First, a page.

Sept. 13 (Bloomberg) -- Consumer confidence in the U.S. declined in September to the lowest level since April, indicating household spending may take time to pick up.
The Thomson Reuters/University of Michigan preliminary index of consumer sentiment this month fell to 76.8 from August’s 82.1. Economists in a Bloomberg survey called for 82, according to the median projection.
Payrolls had the smallest back-to-back gains in a year and mortgage interest rates are hovering close to a two-year high, weighing on confidence. The restrained pace of hiring makes it harder to spur consumers’ purchases, which account for about 70 percent of the economy.
“Consumers have things to worry about,” Scott Brown, chief economist for Raymond James & Associates Inc. in St. Petersburg, Florida, said before the report. “Confidence will improve gradually.”
Estimates in the Bloomberg survey ranged from 77 to 85. The index averaged 64.2 during the 18-month recession that ended in June 2009, and 89 in the five years leading up to the slump that began in December 2007.
A separate report from the Commerce Department today showed retail sales rose less than forecast in August. The 0.2 percent increase was the smallest in four months and followed a revised 0.4 percent July gain that was bigger than previously estimated, the report said.
The Michigan sentiment survey’s current conditions index, which takes stock of Americans’ view of their personal finances, fell to a five-month low of 91.8 in September from 95.2 in August.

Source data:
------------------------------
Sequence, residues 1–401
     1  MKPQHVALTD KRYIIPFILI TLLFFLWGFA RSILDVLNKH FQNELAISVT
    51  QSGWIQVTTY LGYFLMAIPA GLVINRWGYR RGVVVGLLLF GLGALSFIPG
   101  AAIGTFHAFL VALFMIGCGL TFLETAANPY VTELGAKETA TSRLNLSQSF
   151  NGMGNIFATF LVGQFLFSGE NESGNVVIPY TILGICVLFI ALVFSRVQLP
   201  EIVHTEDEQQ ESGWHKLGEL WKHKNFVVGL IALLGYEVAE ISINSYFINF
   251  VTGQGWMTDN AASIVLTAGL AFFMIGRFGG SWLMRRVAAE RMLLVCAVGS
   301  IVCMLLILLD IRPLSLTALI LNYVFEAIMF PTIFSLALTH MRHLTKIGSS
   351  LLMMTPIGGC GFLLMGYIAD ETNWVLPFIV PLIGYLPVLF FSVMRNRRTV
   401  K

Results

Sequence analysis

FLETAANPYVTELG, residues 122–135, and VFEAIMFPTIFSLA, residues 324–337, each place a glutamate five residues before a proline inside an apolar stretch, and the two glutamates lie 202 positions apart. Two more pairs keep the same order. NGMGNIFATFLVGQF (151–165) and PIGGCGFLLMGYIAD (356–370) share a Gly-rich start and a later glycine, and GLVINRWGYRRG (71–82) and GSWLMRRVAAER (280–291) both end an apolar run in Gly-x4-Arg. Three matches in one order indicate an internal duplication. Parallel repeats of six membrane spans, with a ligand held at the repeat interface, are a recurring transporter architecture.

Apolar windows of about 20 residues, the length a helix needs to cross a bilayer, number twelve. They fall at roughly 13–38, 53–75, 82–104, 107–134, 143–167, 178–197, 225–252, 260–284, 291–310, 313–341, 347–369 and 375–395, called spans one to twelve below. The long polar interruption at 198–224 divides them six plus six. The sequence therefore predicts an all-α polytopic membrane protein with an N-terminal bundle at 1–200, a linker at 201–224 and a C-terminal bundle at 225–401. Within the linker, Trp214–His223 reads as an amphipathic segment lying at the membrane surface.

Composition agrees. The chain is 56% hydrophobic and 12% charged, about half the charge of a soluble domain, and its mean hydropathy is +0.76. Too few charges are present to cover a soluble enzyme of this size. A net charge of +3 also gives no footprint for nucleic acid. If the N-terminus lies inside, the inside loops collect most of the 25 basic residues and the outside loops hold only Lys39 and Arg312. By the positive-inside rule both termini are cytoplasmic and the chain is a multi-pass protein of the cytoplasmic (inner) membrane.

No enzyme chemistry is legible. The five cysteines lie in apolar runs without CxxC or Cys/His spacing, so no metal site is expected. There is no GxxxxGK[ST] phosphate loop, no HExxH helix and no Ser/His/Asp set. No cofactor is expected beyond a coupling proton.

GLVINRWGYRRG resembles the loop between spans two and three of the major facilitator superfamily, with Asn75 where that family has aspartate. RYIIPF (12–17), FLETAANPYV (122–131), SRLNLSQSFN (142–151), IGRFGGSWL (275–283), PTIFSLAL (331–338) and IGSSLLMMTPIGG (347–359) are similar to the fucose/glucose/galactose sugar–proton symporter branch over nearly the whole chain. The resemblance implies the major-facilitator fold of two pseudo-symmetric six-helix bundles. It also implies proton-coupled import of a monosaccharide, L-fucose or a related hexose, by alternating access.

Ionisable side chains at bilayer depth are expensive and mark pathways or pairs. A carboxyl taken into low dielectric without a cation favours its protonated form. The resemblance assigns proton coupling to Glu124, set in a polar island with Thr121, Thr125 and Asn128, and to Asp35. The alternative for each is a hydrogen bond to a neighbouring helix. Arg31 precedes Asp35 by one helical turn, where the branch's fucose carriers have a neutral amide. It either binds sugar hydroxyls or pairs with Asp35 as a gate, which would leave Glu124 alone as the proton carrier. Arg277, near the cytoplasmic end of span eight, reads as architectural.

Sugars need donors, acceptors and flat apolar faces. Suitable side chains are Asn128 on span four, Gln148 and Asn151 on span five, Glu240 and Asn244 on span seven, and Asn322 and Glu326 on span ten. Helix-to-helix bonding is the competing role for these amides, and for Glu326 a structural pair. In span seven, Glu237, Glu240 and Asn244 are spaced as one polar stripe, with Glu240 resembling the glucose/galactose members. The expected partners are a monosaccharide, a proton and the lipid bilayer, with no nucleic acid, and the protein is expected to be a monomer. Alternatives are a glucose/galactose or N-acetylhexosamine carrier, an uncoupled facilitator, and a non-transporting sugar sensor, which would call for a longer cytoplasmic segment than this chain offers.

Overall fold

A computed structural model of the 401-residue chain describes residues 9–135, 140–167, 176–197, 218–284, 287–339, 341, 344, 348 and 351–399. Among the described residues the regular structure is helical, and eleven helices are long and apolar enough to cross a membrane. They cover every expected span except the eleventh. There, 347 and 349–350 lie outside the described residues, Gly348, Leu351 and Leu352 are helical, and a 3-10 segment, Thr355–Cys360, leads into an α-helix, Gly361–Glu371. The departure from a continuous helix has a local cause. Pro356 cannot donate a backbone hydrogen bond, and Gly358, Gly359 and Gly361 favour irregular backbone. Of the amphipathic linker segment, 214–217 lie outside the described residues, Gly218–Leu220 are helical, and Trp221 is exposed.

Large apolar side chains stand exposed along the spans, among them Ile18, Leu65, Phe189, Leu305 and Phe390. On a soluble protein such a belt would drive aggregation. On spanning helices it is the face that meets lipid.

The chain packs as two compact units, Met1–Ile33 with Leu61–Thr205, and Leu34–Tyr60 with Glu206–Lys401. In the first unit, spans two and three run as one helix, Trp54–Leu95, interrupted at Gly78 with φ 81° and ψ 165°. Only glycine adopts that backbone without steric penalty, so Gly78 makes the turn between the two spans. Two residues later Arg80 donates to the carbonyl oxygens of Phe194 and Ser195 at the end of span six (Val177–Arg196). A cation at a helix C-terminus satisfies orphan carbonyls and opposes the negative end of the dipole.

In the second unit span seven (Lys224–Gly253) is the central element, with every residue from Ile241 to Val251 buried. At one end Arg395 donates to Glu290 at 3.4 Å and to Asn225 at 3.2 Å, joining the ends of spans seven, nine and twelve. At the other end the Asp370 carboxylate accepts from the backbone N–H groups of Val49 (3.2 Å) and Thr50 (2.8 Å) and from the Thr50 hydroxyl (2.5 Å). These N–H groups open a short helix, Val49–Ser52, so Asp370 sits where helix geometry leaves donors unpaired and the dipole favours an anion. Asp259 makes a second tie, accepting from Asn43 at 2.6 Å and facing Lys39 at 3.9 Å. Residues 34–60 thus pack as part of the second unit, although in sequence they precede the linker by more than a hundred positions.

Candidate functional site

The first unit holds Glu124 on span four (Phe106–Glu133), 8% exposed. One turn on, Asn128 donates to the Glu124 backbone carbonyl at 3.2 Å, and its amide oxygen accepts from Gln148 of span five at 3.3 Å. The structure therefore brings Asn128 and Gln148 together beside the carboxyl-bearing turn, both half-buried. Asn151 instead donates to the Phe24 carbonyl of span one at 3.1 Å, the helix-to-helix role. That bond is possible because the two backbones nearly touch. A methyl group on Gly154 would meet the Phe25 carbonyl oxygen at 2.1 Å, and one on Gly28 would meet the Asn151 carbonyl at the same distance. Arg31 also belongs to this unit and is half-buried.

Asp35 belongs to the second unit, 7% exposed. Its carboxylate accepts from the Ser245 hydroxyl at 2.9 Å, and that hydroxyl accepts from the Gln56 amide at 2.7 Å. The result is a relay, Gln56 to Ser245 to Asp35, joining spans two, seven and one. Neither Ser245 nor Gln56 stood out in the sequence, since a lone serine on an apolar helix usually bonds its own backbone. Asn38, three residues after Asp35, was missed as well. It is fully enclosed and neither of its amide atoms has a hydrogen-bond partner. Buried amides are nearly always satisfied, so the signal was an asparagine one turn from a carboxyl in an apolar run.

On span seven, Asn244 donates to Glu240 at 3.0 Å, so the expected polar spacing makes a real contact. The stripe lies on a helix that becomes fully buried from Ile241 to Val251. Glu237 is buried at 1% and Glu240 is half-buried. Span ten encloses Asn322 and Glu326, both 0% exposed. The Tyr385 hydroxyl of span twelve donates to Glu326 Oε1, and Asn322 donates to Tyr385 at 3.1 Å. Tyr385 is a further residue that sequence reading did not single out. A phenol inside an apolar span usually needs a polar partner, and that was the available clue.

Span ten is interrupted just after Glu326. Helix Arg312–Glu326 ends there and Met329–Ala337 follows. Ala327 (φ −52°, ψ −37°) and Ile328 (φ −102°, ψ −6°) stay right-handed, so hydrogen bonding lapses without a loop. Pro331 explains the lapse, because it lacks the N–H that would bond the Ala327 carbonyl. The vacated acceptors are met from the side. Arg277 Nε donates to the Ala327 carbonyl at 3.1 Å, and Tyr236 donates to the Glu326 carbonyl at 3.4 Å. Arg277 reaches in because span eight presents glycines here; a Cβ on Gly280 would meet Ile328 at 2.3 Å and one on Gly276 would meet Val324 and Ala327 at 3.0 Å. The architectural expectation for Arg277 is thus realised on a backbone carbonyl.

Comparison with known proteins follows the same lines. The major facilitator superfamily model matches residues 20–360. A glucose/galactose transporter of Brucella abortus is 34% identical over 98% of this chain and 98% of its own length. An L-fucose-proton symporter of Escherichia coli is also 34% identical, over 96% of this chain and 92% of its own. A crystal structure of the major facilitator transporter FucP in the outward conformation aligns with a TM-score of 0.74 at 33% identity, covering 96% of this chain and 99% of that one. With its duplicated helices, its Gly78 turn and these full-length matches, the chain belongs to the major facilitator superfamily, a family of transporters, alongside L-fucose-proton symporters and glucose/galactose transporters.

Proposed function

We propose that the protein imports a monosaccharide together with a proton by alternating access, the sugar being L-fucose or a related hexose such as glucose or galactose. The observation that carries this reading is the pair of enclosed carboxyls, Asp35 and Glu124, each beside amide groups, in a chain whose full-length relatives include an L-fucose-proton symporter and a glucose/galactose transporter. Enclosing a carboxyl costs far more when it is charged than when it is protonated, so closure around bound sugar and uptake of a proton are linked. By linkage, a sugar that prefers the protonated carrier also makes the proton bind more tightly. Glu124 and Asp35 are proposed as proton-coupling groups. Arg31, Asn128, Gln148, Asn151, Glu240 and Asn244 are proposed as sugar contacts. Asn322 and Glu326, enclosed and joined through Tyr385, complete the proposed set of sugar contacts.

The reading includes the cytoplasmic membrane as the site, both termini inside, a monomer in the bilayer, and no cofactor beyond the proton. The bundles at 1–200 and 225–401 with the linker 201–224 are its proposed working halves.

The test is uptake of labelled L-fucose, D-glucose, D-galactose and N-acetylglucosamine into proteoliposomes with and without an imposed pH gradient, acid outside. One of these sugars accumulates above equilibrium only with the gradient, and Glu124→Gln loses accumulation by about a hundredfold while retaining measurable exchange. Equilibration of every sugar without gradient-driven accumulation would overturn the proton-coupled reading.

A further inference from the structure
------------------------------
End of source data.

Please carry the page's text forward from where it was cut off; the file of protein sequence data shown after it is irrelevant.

The measure of expectations six months from now plunged to 67.2, the lowest since January, from 73.7 last month.
Americans expect an inflation rate of 3.2 percent over the next year, up from 3 percent in the prior month. Over the next five years, they expect a 3 percent rate of inflation, up from 2.9 percent.
Among other confidence measures reported recently, the Bloomberg Consumer Comfort Index stabilized last week after four straight declines.
Rising mortgage rates may be reining in confidence. The rate on a 30-year fixed loan was at 4.57 percent as of Sept. 12, close to the highest level since July 2011, according to Freddie Mac data.
Payrolls expanded by 169,000 workers last month after rising 104,000 in July, Labor Department data showed on Sept. 6. The jobless rate dropped to 7.3 percent in August, the lowest since December 2008, as workers left the labor force. Other figures this week showed job openings fell in July to the lowest level in six months.
Household wealth continues to get a boost from the recovery in the housing market, which is driving up home values, and from advances in equity prices.
Vehicle sales remain a bright spot. Cars and light trucks sold in August at the fastest annualized rate since November 2007, according to data from Ward’s Automotive Group. Results at General Motors Co., Ford Motor Co. and Toyota Motor Corp. exceeded analysts’ estimates.
Even with the gains, executives at automakers are watching the signals from the labor market and other parts of the economy to assess the outlook for demand.
Recent “job growth is consistent with lackluster gains and after-tax incomes which are running at less than 1 percent year-over-year growth during the January to July period,” Ellen Hughes-Cromwick, chief economist at Dearborn, Michigan-based Ford, said on a Sept. 4 sales call. “As an offset, low borrowing costs and rising consumer wealth should continue to support spending growth going forward.”
Housing-related businesses are benefiting from the rebound in the industry even as higher borrowing costs pose a restraint. Home Depot Inc., the biggest U.S. home improvements retailer, projects rising home prices this year will spur spending on renovations, according to Chief Executive Officer Frank Blake.
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